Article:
To call this a documentary or docudrama is a mistake. Although framed in Verbeek's narrative, the portrayal of actual events is not entirely accurate; while the portrayal of the people involved is heavily fictionised and styled to suit a modern audience. Some of the script and acting was good, but most of it was bad; and far too much emphasis was placed on fictitious drama rather than the actual events. The film could have been saved by special effects, but even these seemed dated lacking the quality CGI standard we now expect. Also there was a lack of attention to detail. For example, Captain Lindemans's ship the SS Governor General Loudon was built in 1875, yet the ship portrayed in the film is clearly a product of the 1895 - 1910 period.
There were one or two nice touches, such as the audio being replaced by a ringing noise to convey the temporary loss of hearing due to the loud explosion, and the scenes aboard Loudon prior to the Tsunami, but in retrospect I would say that I watched this film to the end more out of curiosity about how it was made, rather than because I found it enjoyable. I have to say that it was a wasted opportunity.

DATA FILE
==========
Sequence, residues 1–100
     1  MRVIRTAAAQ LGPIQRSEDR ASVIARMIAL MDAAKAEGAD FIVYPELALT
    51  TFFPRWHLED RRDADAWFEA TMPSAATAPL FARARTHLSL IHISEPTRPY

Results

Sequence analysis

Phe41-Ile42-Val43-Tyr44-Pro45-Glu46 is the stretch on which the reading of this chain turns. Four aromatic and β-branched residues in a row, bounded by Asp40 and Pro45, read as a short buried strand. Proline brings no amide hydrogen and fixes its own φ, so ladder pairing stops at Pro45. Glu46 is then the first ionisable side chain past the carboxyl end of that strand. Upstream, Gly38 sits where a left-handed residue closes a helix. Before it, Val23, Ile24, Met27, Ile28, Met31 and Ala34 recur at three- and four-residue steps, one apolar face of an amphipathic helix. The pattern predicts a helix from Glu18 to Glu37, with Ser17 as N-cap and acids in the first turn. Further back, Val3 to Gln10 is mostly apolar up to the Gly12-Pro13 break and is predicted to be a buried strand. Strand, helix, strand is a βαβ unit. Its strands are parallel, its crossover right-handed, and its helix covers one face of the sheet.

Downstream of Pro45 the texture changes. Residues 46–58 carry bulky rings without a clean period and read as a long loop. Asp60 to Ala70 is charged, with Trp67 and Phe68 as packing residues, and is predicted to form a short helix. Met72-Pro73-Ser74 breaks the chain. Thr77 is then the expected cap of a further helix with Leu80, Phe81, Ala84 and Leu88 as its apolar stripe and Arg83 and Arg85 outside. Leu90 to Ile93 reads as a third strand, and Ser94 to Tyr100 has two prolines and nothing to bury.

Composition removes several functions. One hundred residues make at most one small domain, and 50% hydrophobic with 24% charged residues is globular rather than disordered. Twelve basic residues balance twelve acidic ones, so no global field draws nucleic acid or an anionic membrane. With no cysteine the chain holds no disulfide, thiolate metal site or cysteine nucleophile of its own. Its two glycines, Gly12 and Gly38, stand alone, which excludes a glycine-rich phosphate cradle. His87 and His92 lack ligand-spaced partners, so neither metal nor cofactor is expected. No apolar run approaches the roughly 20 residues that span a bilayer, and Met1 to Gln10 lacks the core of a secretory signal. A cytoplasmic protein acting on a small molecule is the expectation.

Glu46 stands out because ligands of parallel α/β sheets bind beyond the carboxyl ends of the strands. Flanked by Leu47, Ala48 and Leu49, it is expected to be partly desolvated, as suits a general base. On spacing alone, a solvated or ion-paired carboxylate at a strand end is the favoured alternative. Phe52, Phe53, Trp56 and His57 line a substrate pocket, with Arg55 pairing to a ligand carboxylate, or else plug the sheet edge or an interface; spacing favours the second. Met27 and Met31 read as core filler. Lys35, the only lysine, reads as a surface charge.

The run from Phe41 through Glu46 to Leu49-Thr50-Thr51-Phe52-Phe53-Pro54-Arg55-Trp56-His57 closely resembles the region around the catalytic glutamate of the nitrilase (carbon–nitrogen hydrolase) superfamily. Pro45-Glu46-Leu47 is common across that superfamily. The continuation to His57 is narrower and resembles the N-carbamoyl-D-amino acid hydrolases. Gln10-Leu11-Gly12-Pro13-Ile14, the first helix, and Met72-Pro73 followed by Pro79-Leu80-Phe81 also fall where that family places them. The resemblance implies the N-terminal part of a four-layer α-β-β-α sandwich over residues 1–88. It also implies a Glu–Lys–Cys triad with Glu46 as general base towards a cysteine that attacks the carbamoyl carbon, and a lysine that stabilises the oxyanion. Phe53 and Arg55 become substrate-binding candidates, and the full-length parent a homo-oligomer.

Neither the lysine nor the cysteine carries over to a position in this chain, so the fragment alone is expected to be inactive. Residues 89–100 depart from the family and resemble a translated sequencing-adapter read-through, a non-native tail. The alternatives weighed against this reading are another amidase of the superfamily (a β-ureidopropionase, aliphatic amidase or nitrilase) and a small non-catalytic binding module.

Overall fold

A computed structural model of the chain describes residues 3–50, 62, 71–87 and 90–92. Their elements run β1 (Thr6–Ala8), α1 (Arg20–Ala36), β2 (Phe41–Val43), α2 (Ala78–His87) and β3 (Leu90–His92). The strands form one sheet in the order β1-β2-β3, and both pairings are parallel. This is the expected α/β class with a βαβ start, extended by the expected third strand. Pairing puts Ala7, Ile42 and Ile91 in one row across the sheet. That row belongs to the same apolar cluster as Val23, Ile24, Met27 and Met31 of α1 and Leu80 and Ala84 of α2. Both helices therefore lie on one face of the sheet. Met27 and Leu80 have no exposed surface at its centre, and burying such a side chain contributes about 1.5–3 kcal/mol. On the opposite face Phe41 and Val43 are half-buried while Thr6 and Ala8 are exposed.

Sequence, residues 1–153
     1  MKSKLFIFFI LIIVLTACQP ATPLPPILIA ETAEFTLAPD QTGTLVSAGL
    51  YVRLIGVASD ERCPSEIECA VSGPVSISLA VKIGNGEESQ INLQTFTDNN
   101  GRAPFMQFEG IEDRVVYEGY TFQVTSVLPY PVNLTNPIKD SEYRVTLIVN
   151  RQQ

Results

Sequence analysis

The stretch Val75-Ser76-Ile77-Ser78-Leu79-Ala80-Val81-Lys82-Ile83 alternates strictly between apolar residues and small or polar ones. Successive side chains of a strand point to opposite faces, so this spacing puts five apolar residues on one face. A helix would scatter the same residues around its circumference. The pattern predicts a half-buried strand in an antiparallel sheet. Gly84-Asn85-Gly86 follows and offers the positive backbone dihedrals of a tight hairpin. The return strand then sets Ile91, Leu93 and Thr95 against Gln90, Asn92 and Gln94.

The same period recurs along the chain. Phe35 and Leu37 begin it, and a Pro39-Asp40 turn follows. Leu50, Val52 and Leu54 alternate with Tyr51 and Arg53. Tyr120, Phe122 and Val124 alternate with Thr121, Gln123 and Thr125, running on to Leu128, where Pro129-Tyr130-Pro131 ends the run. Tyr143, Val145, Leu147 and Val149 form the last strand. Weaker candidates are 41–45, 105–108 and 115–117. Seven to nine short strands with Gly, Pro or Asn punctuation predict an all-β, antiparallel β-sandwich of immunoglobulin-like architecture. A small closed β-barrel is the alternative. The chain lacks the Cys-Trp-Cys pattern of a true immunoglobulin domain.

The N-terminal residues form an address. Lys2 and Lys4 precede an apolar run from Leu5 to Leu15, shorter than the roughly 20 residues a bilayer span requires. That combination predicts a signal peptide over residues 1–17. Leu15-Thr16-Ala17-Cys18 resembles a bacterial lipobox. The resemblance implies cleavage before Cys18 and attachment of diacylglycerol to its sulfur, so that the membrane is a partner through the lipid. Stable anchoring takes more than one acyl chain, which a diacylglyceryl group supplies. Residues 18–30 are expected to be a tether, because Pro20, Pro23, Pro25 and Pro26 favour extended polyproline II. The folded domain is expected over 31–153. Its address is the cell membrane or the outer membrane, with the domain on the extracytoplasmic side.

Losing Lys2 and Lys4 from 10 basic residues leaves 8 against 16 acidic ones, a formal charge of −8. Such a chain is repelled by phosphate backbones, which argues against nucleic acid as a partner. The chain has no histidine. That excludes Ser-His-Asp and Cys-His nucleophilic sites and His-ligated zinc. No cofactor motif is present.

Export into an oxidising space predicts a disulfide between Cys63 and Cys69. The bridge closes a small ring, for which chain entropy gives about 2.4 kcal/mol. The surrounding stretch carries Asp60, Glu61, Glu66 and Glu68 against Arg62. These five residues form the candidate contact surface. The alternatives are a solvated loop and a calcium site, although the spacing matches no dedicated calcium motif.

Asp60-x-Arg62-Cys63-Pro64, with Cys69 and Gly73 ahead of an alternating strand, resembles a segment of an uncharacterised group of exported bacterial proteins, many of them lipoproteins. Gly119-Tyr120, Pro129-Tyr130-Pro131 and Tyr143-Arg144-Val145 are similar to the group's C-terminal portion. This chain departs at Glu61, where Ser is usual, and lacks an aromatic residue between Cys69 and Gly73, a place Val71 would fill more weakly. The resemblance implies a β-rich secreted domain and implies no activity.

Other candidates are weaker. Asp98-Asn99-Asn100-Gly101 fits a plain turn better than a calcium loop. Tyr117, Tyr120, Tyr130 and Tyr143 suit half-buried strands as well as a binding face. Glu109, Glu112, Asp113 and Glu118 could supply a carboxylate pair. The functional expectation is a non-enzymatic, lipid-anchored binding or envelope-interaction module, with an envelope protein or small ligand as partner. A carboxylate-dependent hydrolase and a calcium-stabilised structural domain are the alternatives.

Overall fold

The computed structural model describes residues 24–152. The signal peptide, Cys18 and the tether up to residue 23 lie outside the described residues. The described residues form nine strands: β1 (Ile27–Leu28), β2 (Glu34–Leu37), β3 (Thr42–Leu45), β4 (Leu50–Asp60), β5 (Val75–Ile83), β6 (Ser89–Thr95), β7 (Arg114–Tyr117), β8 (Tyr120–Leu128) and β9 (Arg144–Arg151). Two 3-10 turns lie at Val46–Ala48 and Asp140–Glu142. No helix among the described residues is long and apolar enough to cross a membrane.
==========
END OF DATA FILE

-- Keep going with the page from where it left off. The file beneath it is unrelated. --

A symptom of the appetite for pain and death of our society
This film, though well made and well acted, was popular because of its subject matter - extreme violence, torture and sadism.
I can only say that the genere itself reflects the sick appetite for entertainment based on crime pain and death that has become a hallmark of western society.
I can only wonder what less corrupted people think when they watch this and similar films, along with the inordinate amount of gruesome crime TV series.
Perhaps, folks, it is time to reflect on this obsession and demand better.
As if there is not enough violence in the real world...
King Kong (2005)
Nostalgic Adventure Romp that pays homage to cinema of 1930s
Far too many reviews here dismissing this film with 1 or 2 stars.